Safe House ★☆☆☆☆

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Essentially an exhausting two-hour chase, Swedish Director Daniel Espinosa’s espionage thriller abortively endeavours to emulate the convoluted sophistication of the Bourne trilogy. Obeying the formulaic, enigmatic and valiant assault against corruption, David Guggenheim’s script sacrifices the elegant intricacy of the Bourne films in favour of simplistic, brutal action which seldom stops to breathe.

Whilst being pursued by mercenaries, Tobin Frost (Denzel Washington), a rogue CIA veteran who has spent the last decade betraying his country by selling America’s secrets to her enemies, evades capture by surrendering himself to the American embassy in Cape Town. After the safe house to which he’s assigned is compromised, the elusive Frost escapes. Two senior CIA operatives, Catherine Linklater (Vera Farmiga) and David Barlow (Brendan Gleeson), are immediately dispatched from Langley to prohibit a tiny file embedded under Frost’s skin from surfacing and causing a diplomatic explosion. Meanwhile, an ambitious amateur agent, Matt Weston (Ryan Reynolds), pursues Frost in a gruelling cat-and-mouse chase which ludicrously descends into ferocious chaos, fierce fighting and increasingly brutal bloodshed.

Safe House desperately implores to announce itself as contemporary and controversial. The film often alludes to the recent whistle-blowing phenomenon; painting Tobin Frost as a brawny, robust Julian Assange. In addition to this, a waterboarding torture scene is gratuitously employed in order to validate Safe House’s license to spark controversy.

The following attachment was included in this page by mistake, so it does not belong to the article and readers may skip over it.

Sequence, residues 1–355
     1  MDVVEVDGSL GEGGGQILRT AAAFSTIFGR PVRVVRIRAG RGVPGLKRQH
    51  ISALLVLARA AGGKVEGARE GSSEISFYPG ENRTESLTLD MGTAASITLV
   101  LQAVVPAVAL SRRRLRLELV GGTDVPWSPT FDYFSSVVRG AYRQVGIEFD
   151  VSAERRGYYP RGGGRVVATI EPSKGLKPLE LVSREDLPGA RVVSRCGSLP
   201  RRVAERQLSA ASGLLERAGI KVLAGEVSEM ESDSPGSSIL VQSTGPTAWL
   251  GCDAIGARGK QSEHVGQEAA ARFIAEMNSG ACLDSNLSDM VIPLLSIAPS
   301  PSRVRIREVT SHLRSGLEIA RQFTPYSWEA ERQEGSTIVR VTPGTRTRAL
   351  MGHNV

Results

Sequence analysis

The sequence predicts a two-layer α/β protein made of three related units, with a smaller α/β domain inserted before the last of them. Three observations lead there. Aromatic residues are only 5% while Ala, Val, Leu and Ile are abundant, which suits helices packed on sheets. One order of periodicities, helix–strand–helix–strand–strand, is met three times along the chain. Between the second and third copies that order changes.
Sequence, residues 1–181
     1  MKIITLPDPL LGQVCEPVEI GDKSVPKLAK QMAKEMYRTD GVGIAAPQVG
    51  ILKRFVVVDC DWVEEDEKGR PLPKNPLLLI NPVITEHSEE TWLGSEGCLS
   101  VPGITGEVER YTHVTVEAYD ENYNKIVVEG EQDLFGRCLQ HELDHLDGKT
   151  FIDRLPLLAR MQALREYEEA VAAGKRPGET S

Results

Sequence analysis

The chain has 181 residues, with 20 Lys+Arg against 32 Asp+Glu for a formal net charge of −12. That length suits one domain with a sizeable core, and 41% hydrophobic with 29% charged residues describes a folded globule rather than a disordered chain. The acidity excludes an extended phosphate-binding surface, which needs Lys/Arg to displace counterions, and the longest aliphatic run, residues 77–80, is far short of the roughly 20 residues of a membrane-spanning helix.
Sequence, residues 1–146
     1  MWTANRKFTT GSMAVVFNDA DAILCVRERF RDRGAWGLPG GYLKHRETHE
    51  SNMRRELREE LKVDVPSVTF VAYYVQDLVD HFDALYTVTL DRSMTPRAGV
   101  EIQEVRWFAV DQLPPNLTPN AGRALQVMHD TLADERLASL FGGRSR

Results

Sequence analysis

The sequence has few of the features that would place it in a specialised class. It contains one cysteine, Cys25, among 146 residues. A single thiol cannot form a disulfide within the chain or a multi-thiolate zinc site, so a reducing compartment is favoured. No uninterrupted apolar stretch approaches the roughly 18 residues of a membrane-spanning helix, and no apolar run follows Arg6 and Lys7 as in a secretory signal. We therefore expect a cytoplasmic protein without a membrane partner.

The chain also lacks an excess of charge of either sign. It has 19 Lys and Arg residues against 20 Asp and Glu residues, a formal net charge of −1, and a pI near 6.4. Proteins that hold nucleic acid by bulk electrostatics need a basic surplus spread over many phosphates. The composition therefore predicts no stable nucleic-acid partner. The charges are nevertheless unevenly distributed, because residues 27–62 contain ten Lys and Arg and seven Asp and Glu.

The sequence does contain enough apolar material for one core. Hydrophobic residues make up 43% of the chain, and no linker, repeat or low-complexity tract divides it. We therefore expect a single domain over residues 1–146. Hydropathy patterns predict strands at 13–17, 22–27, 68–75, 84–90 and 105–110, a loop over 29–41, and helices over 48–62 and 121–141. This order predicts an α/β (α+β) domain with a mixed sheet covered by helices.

Yet, it is the morbidly shallow script that makes the film such a cinematic fiasco. It goes to extreme lengths to outline in the most blatant manner the biographies of the characters; detailing their strengths, weakness and attributes as if they were a pedigree Pokémon awaiting their next duel. Furthermore, the conflict between Frost’s worldly cynicism and Weston’s naïve optimism is regrettably never profoundly engaged with. In essence, the film relinquishes meaningful dialogue and adopts glass-smashing, bone-breaking violence to drive the narrative.

British cinematographer Oliver Wood – who worked on the first two Bourne instalments – shoots much of the action in gritty, desaturated digital video in a futile attempt to imitate the Bourne trilogy, however, Safe House is deprived of the polished proficiency that superior series exuded.

Whilst the unfamiliar setting of Cape Town – a location hitherto rarely explored in action thrillers – provides a fresh novelty; the film is overwhelmingly beleaguered by an impoverished script. Safe House increases the violence to distract the audience from its progressively worsening, tedious narrative.

Safe House (2012), directed by Daniel Espinosa, is distributed in the UK by Universal Pictures, Certificate 15.

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